C Concert | New York, NY
L’Enfant et les sortilèges in San Francisco
Isabel Leonard starts the month of June at Carnegie Hall, where she’ll join Yannick Nézet-Séguin and the MET Orchestra in a fascinating program of French music that spans the 20th to 21st centuries. Debussy used shimmering colors to create an impression of the sea in his groundbreaking La mer, while Ravel’s Daphnis et Chloé Suite No. 2 enthralled audiences with its visceral excitement. No less stirring is his exotic Shéhérazade, a three-song collection inspired by Middle Eastern imagery. Dutilleux’s songs contemplate time and its passing with music that is intricately constructed and painted in vivid colors. This performance takes place on June 3.
She then travels to San Francisco to sing three performances of Ravel’s L’Enfant et les sortilèges on June 27, 29, 30 with Michael Tilson Thomas on the podium. She shares the stage with Anna Christy, Nikki Einfeld, Marnie Breckenridge, Ginger Costa Jackson, Jennifer Johnson-Cano, Ben Jones, Kelly Markgraf and Michael Todd Simpson.
IN THE PRESS
It’s a wonder Isabel Leonard is able to talk at all. After all, the Grammy Award-winning singer is one of opera’s most in-demand voices, and this year alone she’s had leading roles in the Metropolitan Opera’s productions of Marnie and Pelléas et Mélisande and sang alongside Andrea Bocelli in his Three Centuries of Love. Next, she’ll appear in the Met’s Dialogues des Carmélites, opening May 3. But talk she did; here Leonard opens up to Town & Country about her career in opera, what you don’t know about singers, and why she never gets nervous.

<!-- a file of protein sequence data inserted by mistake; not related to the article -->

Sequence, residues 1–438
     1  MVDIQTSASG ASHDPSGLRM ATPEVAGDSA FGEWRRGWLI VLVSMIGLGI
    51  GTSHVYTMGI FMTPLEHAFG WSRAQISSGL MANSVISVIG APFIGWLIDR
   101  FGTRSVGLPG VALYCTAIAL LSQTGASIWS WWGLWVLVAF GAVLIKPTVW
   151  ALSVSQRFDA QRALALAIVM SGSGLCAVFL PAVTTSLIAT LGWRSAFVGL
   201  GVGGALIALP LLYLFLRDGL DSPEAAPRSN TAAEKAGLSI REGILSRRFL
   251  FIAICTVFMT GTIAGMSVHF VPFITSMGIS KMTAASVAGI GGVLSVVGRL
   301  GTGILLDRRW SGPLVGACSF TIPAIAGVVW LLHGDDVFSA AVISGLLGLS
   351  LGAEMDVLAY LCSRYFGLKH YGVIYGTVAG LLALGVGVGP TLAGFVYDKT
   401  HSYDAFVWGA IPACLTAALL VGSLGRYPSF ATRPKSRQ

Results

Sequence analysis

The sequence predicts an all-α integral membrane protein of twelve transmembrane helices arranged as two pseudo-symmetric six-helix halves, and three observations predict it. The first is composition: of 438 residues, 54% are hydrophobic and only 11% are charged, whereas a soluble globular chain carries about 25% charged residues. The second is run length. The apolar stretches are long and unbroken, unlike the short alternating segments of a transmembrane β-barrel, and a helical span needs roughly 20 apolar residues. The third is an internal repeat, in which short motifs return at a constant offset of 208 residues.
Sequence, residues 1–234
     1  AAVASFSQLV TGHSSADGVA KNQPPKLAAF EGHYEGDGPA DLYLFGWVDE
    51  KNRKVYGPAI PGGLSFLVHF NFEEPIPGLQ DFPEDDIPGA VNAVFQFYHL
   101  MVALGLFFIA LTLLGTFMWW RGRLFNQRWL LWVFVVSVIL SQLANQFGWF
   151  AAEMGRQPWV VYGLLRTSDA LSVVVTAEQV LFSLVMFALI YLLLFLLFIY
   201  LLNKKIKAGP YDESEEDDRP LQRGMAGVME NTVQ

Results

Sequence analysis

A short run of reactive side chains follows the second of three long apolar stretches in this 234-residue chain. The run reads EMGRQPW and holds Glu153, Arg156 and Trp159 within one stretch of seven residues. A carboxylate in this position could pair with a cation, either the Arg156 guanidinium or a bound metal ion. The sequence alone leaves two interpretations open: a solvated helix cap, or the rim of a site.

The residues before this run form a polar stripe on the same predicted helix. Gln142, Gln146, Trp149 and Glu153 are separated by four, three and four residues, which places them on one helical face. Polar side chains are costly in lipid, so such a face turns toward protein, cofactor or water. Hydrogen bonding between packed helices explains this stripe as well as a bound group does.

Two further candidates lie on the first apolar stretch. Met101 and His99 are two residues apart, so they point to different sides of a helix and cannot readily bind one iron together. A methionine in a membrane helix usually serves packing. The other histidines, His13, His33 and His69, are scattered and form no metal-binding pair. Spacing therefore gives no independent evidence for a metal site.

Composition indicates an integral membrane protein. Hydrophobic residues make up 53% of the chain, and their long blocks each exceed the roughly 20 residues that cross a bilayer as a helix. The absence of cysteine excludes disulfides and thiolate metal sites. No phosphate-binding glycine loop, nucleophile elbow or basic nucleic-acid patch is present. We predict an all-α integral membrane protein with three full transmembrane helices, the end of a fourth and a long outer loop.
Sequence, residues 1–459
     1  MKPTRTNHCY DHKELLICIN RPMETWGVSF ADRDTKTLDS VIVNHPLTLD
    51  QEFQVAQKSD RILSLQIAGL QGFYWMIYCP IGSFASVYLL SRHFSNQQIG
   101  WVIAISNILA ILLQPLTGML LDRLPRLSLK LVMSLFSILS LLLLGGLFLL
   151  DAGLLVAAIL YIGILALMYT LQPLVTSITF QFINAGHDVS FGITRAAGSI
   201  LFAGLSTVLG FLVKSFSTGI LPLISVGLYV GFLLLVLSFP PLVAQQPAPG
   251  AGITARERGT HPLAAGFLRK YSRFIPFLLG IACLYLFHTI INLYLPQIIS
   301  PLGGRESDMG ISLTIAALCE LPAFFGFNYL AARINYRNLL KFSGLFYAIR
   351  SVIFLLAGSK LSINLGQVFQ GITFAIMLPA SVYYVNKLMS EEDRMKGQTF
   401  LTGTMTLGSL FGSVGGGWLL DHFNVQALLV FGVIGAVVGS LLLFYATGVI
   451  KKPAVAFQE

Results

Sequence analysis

It’s a big year for you with so many different productions. Where did the idea that you wanted to be an opera singer begin?
I still wonder how it all started. I don’t think you wake up as a kid and say, “I want to be an opera singer.” That wasn’t me. Music was always a part of my life, and I was in my early teens, I wanted to try singing—at the time that meant auditioning at LaGuardia High School. I ended up going there to study singing and discovering opera, and then was lucky enough to go on to Julliard. With opera, you never really know what will happen.
Opera requires a discipline that not every medium does. That’s not something everyone would sign up for in high school.
One of the big differences is going to a conservatory and you’re there with a group of students all of whom have a very specific purpose. To have that kind of focus early on gives you something in common with the people around you. We also all realized that we all did different things and we weren’t in direct competition, which made things better for everyone.